Earlier this week (Jan 2nd), Sec. Kirstjen Nielsen of the Department of Homeland Security (DHS) was asked to give a border security briefing in the Situation Room of the White House to ranking Congressional leaders, both the House and the Senate. Just six seconds into her presentation, Sec. Nielsen was interrupted by Democrats who wanted no part of it. Sen. Dick Durbin (IL) was quoted as saying the presentation was “preposterous,” and “At a time when we have the lowest level of apprehensions at the border — stopping people from coming in illegally — the lowest level historically, she is saying that we have all these terrorists and criminals and all these people on their way in.”
In other words, the Secretary’s report was quickly dismissed as irrelevant and both parties took to the microphones to defend their positions. Whereas Sec. Nielsen reported an influx in arrests of illegal immigrants with criminal records during 2018, the Democrats responded this simply wasn’t so. The question is, what is the truth?
The meeting was closely followed by the news media, but interestingly, there was no mention of the DHS report accompanying Sec. Nielsen’s briefing. In short, it was buried by the press. Fortunately, I had little difficulty locating it on the DHS web site where it was titled, “Fiscal Year 2018 ICE Enforcement and Removal Operations Report” by the U.S. Immigration and Customs Enforcement. The purpose of the 22 page report was to summarize U.S. Immigration and Customs Enforcement (ICE) and Enforcement and Removal Operations (ERO) activities in Fiscal Year 2018.
Among the statistics listed were a couple of eye-openers:
* There were 158,581 administrative arrests in FY2018, ICE and ERO recorded the greatest number of administrative arrests as compared to the two previous fiscal years, and the highest number since FY2014. ICE and ERO made 15,111 more administrative arrests in FY2018 than in FY2017, representing an 11 percent increase, and a continued upward trend after FY2017’s 30 percent increase over FY2016.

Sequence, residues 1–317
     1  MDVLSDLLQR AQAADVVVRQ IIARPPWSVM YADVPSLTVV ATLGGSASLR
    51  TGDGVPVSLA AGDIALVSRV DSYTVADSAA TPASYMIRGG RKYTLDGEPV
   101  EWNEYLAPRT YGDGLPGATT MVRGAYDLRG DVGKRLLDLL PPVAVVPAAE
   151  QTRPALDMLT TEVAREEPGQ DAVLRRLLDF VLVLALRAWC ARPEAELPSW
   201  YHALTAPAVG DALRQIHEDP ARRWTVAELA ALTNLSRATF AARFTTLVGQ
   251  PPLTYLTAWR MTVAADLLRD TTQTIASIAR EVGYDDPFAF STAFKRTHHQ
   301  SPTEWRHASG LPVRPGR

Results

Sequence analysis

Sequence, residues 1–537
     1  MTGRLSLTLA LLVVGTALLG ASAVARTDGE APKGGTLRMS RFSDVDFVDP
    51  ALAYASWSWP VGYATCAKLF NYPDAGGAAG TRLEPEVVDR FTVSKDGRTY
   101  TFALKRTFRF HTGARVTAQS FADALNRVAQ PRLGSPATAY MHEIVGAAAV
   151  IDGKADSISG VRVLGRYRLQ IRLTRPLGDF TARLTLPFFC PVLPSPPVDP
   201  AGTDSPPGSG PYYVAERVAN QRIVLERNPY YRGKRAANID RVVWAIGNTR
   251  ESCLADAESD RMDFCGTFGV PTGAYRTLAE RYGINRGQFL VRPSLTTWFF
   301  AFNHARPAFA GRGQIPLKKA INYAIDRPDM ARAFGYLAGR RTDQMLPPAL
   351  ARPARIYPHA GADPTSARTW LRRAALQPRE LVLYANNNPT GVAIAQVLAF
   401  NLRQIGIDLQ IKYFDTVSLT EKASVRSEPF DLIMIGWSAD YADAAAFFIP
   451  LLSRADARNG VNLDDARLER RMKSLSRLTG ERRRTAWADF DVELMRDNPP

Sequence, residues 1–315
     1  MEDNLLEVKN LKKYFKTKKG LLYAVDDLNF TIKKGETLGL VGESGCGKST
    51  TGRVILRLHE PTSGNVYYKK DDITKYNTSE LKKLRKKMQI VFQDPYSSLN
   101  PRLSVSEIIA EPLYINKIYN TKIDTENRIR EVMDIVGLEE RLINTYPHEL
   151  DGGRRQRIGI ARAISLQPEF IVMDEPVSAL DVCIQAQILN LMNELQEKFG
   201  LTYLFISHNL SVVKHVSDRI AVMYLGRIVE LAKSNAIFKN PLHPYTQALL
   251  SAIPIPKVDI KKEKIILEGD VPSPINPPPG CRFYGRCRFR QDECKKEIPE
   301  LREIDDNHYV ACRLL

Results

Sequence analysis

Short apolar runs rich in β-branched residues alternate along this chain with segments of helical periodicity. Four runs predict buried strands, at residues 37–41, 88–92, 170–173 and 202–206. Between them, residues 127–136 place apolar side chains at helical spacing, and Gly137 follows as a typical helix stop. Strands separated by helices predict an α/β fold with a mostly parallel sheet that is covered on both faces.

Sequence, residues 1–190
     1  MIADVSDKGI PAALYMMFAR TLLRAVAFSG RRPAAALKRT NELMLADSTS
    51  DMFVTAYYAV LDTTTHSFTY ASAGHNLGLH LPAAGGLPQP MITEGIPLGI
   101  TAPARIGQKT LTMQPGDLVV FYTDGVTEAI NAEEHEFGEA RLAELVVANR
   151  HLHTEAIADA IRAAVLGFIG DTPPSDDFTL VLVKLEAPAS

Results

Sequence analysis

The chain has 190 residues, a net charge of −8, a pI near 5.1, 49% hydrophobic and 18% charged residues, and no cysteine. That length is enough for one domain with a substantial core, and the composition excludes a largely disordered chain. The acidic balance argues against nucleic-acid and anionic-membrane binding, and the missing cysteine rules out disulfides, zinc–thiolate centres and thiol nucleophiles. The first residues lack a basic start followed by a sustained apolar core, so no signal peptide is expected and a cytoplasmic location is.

* In FY2018, ERO arrested 138,117 aliens with criminal histories (convicted criminals and those pending criminal charges) for an increase of 10,125 aliens over FY2017. This continued the growth seen in FY2017 when ERO arrested 26,974 more aliens with criminal histories than in FY2016 for a 27 percent gain.
The types of crimes cover the spectrum; everything from DUI traffic offenses, to drugs, assault, larceny, burglary, weapon offenses, homicide, kidnapping, etc. (See diagram for specifics).
And finally, FY2018 saw an increase in criminal violations causing an increase in removal of illegal immigrants. Interestingly, the Top 10 countries include:
TOP 10 COUNTRIES – REMOVALS BY COUNTRY OF CITIZENSHIP
It's interesting that America provides substantial foreign aid to these countries, including:
|DOMINICAN REPUBLIC||$ 61M|
One should ask what is the point of giving these countries money, if their citizens want to leave them. They are obviously squandering the money and not improving working conditions there. In other words, it is wasteful. Also consider this, the foreign aid to these Top 10 countries alone represents over $1.8B, not to mention the many other countries on the list. The United States probably could build an opulent southern wall by simply diverting foreign aid.
So, what was the message Sec. Nielsen was trying to communicate? That a legitimate problem exists in illegal immigration, and it is growing. The data presented in the report is not fictitious or a figment of someone’s imagination. It is real. The fact remains, there is an increase, not a decrease in people wanting to enter our country illegally, with many possessing a criminal background. Now we have to ask if we want these undesirables to run amok in our country. Our safety, security, and sovereignty depends on your answer.
Keep the Faith!
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Tim Bryce is a writer and the Managing Director of M&JB Investment Company (M&JB) of Palm Harbor, Florida and has over 40 years of experience in the management consulting field. He can be reached at email@example.com
For Tim’s columns, see: timbryce.com
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